2.  Faux fur:  You need to take care with faux fur.  The inexpensive kinds that you can buy in ordinary fabric/haberdashery shops often have a knitted backing.  The types that I have used have had some kind of stiffener applied to prevent stretching, but this never seems to be completely successful.  It may be a good idea therefore to line your pattern pieces with fusible interfacing.

I made this giant panda (below) out of faux fur, and lined each pattern piece with cotton fabric before sewing.

3.  Cashmere:  You can buy a man-made cashmere fabric from online teddy bear supply stores.  (If you are in the UK, try Christie Bears, or Bear Basics.)  I make tiny mooses out of it.  In the picture below, the figure on the right is what the moose looked like before he was turned right side out.  You can see that there is a sort of white silicone-type mesh attached to the back of the fabric to give it strength and stability.  It works well for small patterns.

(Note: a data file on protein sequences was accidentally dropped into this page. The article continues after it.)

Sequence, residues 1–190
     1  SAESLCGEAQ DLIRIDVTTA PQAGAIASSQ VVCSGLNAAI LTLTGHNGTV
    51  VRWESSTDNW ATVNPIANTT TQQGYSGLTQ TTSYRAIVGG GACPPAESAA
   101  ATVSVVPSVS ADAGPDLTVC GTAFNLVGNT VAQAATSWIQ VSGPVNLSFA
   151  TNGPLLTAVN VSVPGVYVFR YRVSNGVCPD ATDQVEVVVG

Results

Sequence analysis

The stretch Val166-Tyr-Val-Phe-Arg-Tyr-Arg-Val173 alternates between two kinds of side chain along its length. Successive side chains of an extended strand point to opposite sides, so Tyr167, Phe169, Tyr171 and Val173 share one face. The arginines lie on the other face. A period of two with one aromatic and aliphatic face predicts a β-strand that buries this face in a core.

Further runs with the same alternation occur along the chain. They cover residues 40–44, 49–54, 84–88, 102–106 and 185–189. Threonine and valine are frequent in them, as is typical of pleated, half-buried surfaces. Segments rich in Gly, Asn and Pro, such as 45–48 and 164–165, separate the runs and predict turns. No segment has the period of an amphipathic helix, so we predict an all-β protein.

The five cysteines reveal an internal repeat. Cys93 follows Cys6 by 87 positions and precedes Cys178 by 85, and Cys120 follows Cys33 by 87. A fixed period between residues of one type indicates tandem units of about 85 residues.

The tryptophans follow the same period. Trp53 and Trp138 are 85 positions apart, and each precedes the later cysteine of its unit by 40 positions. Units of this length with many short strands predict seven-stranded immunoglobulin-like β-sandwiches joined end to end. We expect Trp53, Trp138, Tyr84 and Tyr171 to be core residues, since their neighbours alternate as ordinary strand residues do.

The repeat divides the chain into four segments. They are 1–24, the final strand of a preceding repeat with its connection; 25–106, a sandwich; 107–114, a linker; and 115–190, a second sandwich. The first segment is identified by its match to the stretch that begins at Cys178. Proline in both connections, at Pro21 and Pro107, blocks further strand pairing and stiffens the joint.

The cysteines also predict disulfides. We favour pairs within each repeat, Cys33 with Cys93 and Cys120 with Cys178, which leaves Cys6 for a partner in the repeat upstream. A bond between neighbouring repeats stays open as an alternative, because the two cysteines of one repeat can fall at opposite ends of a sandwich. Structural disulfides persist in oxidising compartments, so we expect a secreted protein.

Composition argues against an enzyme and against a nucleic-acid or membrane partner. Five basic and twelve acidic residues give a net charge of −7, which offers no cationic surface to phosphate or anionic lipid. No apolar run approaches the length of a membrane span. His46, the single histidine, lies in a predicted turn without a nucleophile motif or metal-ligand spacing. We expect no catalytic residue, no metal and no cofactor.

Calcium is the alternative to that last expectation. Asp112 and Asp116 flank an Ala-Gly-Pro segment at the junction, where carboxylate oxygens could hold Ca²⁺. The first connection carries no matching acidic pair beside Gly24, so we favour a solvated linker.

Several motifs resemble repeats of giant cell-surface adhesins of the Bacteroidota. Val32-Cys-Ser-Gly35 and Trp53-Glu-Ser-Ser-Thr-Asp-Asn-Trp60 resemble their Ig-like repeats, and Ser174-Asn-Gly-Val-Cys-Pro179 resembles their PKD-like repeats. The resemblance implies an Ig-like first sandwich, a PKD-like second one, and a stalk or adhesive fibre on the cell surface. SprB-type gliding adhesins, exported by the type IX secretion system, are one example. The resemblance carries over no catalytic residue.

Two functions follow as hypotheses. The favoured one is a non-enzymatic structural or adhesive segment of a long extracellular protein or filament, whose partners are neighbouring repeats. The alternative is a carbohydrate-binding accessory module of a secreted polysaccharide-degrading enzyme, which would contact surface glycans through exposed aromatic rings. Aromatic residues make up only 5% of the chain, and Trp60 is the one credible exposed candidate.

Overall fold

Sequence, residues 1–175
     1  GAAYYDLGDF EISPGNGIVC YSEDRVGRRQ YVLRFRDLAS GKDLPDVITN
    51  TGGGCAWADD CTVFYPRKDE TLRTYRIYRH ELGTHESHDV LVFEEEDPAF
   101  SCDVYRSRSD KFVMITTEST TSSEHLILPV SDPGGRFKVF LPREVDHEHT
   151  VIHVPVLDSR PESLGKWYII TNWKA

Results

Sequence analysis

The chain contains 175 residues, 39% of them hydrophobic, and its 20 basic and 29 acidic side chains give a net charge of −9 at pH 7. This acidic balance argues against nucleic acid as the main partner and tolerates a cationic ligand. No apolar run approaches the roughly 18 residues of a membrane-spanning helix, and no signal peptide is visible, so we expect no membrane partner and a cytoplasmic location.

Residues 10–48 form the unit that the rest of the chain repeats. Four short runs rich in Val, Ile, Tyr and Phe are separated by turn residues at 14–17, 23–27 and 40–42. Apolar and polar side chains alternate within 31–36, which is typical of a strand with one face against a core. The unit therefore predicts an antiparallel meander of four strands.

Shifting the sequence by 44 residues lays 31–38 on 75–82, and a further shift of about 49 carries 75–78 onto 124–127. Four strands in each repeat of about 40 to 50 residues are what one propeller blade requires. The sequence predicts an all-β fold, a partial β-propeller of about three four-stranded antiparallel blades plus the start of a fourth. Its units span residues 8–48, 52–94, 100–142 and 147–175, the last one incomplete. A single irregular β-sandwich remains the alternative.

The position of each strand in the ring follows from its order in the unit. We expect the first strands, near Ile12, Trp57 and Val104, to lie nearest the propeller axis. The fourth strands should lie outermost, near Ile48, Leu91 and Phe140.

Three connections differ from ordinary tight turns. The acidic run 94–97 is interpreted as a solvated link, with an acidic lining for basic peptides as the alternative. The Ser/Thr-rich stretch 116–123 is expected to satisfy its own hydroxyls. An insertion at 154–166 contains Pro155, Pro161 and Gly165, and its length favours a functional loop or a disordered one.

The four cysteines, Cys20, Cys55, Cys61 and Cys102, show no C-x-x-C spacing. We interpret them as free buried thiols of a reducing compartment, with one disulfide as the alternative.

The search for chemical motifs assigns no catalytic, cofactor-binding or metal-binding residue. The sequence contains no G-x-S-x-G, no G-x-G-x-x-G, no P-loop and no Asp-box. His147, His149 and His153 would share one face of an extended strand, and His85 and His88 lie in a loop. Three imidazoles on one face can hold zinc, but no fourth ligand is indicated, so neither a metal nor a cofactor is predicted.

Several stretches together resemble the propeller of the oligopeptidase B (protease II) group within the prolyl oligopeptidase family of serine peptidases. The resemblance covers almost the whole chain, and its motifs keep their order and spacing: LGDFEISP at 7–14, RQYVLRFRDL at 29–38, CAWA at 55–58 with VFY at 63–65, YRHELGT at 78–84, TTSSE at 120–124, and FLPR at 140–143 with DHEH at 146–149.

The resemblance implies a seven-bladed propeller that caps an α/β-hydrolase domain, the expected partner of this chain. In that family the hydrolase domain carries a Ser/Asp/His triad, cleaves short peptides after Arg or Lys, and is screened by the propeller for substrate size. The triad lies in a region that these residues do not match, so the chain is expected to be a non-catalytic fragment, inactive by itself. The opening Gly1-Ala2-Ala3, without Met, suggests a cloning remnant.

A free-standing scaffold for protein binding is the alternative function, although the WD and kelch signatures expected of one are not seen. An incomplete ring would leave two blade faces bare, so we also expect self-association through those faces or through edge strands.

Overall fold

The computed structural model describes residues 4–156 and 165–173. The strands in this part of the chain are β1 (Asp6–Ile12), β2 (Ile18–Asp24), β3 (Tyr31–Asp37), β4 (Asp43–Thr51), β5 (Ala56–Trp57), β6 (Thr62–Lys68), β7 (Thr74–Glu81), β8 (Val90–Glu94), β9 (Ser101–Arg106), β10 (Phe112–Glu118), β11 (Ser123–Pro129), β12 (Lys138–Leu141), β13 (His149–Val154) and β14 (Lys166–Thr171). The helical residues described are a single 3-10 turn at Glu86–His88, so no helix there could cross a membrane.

4.  Cotton:  The little patchwork bear (below) was made by first cutting out the pattern pieces in plain cotton, then layering and sewing scraps of colourful cotton and denim over the top.  With this double-thickness fabric, the bear came together quite well - although not without the odd wrinkle here and there.  The cotton was prone to fraying too, so his stitching was not very neat in places.

5.  Linen:  I use upholstery linen to make crows with.  I line the pieces with fusible interfacing first, then Fray Check the edges.  It is very prone to fraying - even with these precautions - and trying to sew up the openings after stuffing can be tricky.  For this reason, I wouldn't recommend it if you've never tried bear-making before.

On the other hand, it has some advantages.  It has the strength/thickness which is listed above as one of the best qualities of mohair.  I really enjoyed working with it: it's definitely worth a try if you have a little more experience.